The food and drink we rely on daily for sustenance and enjoyment can have their origins in supply chains that are detrimental to those that harvest and process the raw materials that go into their production.
This past September, KnowtheChain, a resource for companies and investors to understand and address forced labor risks within their global supply chains, released their 2018 report evaluating 38 of the largest global companies in the food and beverage industry on their forced labor policies and practices. This is a follow-up to their initial 2016 report on the sector.
The report finds that while the majority of the 38 companies have improved their disclosure and practices since 2016, the average score across the benchmark remains low at 30 out of 100. Ranked across seven benchmark themes, companies scored the highest on the theme of commitment and governance with an average score of 55, and lowest on the themes of worker voice and recruitment, at 19 and 16 respectively. Other themes measured include traceability and risk assessment; purchasing practices; monitoring; and remedy.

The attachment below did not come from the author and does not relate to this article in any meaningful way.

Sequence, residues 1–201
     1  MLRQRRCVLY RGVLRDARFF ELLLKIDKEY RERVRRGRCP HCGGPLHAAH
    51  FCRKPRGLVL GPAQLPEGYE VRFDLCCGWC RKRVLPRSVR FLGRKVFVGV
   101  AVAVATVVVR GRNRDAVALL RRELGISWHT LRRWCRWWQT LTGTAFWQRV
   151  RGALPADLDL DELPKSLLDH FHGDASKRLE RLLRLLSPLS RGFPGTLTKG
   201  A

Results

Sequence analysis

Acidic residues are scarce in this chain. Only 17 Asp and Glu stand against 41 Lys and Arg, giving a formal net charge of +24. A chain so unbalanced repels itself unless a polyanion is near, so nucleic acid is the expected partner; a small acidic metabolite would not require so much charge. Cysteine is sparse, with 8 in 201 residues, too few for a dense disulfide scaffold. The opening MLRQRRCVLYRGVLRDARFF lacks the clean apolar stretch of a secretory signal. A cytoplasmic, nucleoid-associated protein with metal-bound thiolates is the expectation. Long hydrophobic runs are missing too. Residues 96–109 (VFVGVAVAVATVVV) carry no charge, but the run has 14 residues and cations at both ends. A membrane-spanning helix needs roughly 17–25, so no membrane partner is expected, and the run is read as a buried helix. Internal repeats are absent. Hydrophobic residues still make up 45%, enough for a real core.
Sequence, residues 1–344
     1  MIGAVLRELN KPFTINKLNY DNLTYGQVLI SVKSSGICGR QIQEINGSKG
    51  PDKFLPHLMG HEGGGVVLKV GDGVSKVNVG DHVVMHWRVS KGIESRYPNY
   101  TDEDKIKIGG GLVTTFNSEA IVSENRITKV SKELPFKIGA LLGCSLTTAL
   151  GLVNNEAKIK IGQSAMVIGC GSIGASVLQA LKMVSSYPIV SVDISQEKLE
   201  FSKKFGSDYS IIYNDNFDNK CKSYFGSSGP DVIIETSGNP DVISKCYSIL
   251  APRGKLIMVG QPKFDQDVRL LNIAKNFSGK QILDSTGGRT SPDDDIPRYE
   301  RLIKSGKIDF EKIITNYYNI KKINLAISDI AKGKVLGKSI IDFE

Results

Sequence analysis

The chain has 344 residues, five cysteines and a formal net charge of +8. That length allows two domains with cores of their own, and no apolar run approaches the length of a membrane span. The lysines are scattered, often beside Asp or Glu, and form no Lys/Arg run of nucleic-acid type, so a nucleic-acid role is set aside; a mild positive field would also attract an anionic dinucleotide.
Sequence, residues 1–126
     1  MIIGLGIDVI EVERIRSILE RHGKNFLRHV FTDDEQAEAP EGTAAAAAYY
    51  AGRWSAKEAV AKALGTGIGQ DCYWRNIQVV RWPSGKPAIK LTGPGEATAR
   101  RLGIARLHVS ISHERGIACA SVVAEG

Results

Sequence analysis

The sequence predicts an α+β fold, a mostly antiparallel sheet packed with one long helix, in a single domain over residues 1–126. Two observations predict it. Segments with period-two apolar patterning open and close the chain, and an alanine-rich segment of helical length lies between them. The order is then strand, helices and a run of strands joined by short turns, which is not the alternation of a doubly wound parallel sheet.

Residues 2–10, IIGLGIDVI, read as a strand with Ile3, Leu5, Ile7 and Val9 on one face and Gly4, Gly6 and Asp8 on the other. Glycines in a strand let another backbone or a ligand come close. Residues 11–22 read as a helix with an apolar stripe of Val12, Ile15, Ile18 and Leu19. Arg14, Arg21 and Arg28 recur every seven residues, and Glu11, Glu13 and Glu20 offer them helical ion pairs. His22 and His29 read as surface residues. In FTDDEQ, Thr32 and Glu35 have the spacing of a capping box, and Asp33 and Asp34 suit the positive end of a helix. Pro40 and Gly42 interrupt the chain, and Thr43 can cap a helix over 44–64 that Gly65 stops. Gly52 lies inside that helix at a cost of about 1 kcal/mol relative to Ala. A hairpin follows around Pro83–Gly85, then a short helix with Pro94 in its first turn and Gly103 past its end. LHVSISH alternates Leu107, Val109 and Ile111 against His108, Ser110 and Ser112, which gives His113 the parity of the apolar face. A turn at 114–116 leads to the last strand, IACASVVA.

“Forced labor remains a major problem in the production of popular food and beverage products,” said Kilian Moote, Project Director for KnowTheChain. “While it’s encouraging to see some companies making additional commitments since the 2016 benchmark, progress for workers is not moving fast enough. Companies across the board must do better to make demonstrable improvements for workers.”
Resources at KnowtheChain feature company profiles, a company comparison, and key findings by theme, as well as methodology.
KnowTheChain is a project of Humanity United, maintained in partnership with the Business & Human Rights Resource Centre (BHRRC), Sustainalytics, and Verité. Verité’s role in this collaboration is to provide advice and resources for companies to improve their performance in the areas where Sustainalytics and BHRRC’s research has identified as lacking.